for P. ovale or P. malariae.

Indications
Despite the presence of resistant P. falciparum parasites, chloroquine is still with few
exceptions, the drug of choice for treatment of non-severe malaria in the semi-immune
indigenous population in Africa south of the Sahara. It should, however, not be used in
severe or complicated malaria. In areas with considerable risk for chloroquine resistant P.
falciparum, the drug has to be combined with another antimalarial drug, e.g. proguanil, for
effective prophylaxis. Chloroquine still remains the drug of choice for treatment and
prophylaxis of malaria caused by the other forms of plasmodia except in New Guinea.
Chloroquine is also useful for the treatment of amoebic hepatitis and in rheumatoid arthritis.

Pregnancy and lactation


Chloroquine is not teratogenic in man with the recommended prophylactic and treatment
doses used against malaria (44). It should be used freely during pregnancy in areas with
chloroquine sensitive P. falciparum.
Chloroquine is excreted into breast milk, but the amount is not sufficient to protect the
infant from malaria (9).

Side effects
The dosage used during standard treatment and prophylaxis of malaria is usually well tolerated.
Minor side effects such as nausea, vomiting, diarrhoea, dizziness, headache, rash and abdominal
pain may occur. Accommodation problems at the time of maximal concentration a few hours
42 Chloroquine

after intake can be disturbing but disappear rapidly. Many of the mild concentration dependent
side effects can be avoided if chloroquine is taken with some food at bedtime (9). Itching is
common in blacks (45, 46, 47) and has been reported in Caucasians as well (48). It is a subjective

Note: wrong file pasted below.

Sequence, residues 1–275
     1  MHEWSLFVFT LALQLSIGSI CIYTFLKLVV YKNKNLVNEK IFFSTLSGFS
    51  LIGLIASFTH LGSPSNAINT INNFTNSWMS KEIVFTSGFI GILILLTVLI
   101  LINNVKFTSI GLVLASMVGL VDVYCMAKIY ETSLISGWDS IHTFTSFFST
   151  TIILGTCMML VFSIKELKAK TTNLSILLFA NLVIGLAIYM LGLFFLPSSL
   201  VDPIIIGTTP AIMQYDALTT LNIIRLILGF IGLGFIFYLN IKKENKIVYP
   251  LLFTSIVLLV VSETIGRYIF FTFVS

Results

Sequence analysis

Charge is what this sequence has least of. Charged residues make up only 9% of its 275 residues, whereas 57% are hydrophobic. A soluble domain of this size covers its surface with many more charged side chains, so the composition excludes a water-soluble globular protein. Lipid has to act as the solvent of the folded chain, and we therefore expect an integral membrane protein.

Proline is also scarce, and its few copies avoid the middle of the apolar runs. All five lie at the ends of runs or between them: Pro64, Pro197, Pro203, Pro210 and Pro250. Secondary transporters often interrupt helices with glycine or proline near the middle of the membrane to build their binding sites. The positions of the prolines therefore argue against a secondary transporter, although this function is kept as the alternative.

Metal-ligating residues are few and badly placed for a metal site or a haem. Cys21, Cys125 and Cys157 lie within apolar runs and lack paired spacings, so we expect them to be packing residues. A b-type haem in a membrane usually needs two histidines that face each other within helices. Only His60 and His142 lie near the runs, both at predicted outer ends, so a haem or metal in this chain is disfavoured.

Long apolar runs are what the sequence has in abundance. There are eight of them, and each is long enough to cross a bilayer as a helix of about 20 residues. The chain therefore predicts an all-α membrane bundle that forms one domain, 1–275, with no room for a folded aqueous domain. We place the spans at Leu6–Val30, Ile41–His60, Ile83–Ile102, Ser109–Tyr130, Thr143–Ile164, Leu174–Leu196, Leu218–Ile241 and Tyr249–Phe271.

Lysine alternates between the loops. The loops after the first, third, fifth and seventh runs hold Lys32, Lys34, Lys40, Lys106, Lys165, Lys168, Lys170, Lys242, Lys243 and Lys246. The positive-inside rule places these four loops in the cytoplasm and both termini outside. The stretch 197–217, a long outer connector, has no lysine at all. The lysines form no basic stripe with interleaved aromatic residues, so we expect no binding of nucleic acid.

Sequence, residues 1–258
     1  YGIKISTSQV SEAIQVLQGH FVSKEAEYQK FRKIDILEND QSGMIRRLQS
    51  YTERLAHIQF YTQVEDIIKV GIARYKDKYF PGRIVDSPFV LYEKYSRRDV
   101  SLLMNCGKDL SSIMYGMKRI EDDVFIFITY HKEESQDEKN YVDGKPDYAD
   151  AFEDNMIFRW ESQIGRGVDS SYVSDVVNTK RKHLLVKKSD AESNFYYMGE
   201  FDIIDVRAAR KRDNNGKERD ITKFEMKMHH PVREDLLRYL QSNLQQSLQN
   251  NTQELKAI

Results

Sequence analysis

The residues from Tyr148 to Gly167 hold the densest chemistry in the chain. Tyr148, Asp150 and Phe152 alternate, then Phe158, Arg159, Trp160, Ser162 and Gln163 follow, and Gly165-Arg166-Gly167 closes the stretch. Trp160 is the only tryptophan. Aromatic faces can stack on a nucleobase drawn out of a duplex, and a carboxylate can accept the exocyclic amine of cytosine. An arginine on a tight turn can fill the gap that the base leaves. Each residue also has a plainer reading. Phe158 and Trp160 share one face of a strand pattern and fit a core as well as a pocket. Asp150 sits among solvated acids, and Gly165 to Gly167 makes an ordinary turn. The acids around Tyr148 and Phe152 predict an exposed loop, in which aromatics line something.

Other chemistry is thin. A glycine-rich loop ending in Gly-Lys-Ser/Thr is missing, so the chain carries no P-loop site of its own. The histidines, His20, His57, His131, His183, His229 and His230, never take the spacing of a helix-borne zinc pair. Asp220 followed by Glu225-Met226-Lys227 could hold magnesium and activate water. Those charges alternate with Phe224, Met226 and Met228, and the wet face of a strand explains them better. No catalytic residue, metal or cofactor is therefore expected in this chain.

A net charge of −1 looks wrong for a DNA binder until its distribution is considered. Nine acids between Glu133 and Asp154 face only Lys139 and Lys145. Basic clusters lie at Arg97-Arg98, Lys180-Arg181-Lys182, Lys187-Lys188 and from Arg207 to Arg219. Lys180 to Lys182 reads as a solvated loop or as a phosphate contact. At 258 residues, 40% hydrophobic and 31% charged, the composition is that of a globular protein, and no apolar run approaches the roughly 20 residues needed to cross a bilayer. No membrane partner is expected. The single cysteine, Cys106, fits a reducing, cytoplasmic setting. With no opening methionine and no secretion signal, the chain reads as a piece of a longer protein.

reaction characterized by a widespread pricking sensation affecting mainly the hands, feet and
the scalp without any rash. It begins 6–12 hours after drug intake and usually subsides within
3–4 days after stopping treatment. Chloroquine has been reported to exacerbate psoriasis (49).
Acute cardiovascular effects have been reported to be associated with parenteral administration
of chloroquine, (50) but can be avoided by slow intravenous infusion (51).
Chloroquine is known to carry a risk for toxic retinopathy when used in high doses for
treatment of rheumatoid arthritis, particularly if the cumulative dose is above 100 g (52). In
a recent study of 588 missionaries who have taken a median cumulative dose of chloroquine
of more than 300 g for malaria prophylaxis (some of them for up to 24 years), none of the
subjects were reported to have retinopathy (53).
Rare side effects occasionally reported include photosensitivity, tinnitus, reduced hearing
and deafness, neuromyopathy, involuntary movements and aplastic anaemia, agranulocytosis,
thrombocytopenia and neutropenia (52).
Chloroquine is a well established but rare cause of toxic psychosis (54–56). The symptoms
disappear within two weeks of drug discontinuation. An association between epileptic seizures
and chloroquine use has been reported (57). During long-term treatment (e.g. of rheumatoid
arthritis) with high doses of chloroquine side effects are more common. Most of them are
related to the central nervous system and include diplopia, blurred vision, accommodation
problems, apathy, anxiety, fatigue, headache, dizziness and vertigo. These side effects are
probably concentration dependent (19, 29).

Contraindications and precautions